And broody too. He always seemed to be waking up, going to sleep, thinking, driving the Caddy, drinking, or getting over a hangover. In between all of those things he worked the swing shift at the mill or watched Road Runner cartoons.
It was Sunday. The spaghetti brimmed in the big yellow bowl in the middle of the Avocado Green dinner table. The table was the same 70’s green that matched the stove and refrigerator that lived in fifty percent of American homes back then. The yellow bowl on the table slightly matched the color of the walls. That day the table was pulled out into the middle of the tiny kitchen so that the entire family could eat together. Spaghetti Sunday! A family ritual whether Dad was there or not.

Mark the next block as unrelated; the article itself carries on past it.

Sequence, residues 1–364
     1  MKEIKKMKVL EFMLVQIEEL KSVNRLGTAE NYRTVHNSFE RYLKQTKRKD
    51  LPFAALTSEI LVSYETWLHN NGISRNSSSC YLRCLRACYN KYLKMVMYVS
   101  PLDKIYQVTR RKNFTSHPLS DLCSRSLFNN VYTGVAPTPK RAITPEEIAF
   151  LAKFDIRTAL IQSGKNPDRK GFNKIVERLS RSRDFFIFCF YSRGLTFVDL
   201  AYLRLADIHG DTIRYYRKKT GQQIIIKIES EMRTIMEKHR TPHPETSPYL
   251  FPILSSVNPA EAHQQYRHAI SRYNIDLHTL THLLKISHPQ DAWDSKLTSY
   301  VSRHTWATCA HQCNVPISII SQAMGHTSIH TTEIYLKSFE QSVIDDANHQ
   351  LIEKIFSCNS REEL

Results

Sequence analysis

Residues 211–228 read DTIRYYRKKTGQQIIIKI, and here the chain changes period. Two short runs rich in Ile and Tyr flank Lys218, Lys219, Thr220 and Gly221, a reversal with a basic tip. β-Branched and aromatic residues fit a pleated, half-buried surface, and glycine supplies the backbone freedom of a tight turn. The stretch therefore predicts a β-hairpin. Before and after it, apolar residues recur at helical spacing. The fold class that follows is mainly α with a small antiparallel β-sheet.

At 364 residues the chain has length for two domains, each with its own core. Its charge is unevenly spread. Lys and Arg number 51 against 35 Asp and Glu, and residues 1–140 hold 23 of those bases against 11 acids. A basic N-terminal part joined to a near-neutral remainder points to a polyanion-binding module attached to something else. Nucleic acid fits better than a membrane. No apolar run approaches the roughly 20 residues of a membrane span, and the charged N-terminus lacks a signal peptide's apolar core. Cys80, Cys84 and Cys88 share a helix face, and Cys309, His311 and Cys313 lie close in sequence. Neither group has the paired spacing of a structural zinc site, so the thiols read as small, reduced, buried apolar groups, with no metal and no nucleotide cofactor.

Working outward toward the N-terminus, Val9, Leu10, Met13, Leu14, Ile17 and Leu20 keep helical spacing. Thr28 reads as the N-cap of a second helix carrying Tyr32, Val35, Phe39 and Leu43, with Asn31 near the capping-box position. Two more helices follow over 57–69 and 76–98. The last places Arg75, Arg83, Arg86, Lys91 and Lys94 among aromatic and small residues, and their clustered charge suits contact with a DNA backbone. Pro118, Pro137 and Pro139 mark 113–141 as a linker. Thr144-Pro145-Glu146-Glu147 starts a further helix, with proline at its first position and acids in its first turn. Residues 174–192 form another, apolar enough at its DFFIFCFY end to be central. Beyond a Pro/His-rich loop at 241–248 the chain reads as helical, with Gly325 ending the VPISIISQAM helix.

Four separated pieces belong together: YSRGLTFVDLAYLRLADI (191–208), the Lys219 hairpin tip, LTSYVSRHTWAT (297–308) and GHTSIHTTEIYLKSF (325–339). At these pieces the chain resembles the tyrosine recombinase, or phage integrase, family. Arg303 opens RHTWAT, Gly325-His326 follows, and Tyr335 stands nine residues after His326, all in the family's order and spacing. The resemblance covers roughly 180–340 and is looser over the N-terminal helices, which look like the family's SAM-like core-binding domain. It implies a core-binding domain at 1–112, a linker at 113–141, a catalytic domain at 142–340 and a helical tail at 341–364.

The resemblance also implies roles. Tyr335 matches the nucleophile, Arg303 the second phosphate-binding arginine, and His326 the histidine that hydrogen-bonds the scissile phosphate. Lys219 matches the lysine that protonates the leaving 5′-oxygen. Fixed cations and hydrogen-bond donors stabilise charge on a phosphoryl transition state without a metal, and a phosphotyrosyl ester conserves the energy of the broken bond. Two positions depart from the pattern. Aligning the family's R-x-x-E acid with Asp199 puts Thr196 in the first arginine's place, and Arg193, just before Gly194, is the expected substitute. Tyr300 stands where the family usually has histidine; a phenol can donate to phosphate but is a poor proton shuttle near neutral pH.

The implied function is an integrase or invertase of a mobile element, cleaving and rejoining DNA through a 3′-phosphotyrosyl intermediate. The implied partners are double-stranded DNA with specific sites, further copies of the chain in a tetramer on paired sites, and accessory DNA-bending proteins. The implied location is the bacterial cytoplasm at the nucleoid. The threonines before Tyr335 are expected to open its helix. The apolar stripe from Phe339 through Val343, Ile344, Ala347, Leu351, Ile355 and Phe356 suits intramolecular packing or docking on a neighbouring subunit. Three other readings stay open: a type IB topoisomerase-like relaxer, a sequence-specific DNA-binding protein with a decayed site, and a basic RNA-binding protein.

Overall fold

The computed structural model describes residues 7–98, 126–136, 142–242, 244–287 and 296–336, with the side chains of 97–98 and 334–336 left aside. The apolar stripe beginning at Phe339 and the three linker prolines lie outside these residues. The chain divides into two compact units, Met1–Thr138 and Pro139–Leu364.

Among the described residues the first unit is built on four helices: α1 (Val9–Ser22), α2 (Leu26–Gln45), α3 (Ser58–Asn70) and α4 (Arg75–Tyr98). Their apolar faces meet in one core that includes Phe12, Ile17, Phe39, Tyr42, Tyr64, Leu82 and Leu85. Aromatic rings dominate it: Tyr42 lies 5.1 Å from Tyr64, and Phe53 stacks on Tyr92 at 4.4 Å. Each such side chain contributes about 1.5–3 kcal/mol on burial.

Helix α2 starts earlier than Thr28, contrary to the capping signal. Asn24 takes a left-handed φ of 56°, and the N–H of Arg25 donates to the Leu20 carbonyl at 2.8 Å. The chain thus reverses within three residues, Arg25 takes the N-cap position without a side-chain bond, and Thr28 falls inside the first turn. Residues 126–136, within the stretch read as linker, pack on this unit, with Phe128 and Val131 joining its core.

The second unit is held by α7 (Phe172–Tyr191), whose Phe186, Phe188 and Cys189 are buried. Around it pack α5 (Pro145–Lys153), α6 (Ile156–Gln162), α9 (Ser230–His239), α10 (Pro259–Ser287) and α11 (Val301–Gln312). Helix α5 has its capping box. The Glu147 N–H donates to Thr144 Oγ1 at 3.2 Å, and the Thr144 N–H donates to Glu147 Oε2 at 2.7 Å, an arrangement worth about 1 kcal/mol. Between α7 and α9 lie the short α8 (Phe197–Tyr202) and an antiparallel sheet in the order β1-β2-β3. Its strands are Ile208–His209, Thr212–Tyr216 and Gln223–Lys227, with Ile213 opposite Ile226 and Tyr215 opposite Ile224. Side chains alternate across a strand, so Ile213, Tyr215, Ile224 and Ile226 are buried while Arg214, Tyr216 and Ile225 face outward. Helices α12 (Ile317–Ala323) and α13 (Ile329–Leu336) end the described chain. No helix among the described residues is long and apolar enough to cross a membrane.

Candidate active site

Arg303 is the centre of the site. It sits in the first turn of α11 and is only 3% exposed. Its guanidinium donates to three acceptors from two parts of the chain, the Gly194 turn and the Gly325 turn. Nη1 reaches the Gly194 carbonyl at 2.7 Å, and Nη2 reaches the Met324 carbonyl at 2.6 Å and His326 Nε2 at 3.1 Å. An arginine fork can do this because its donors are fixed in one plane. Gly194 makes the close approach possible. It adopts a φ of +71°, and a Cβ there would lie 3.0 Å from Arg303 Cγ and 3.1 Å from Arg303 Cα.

He finally sat in his seat and we all served up our plates. Just as Dad took his first bite of dinner, there came a creaking noise from the ceiling. We all looked up in unison, then at each other. Dad was self-absorbed, starving, and continued inhaling the long string of pasta. We followed suit and each started to get to our own business of eating. In the next moment we were suddenly and instantly enveloped in a cloud of white dust.
The entire kitchen ceiling fell on us.
Chunks of plaster. Dust. I looked at my Mom and sisters, their eyes peering out from the chunks of plaster in their hair and the dust on their faces. We looked around in sheer amazement that our house was falling in on us, then a second later burst out in hilarious girl laughter as Dad let out a really long string of curse words.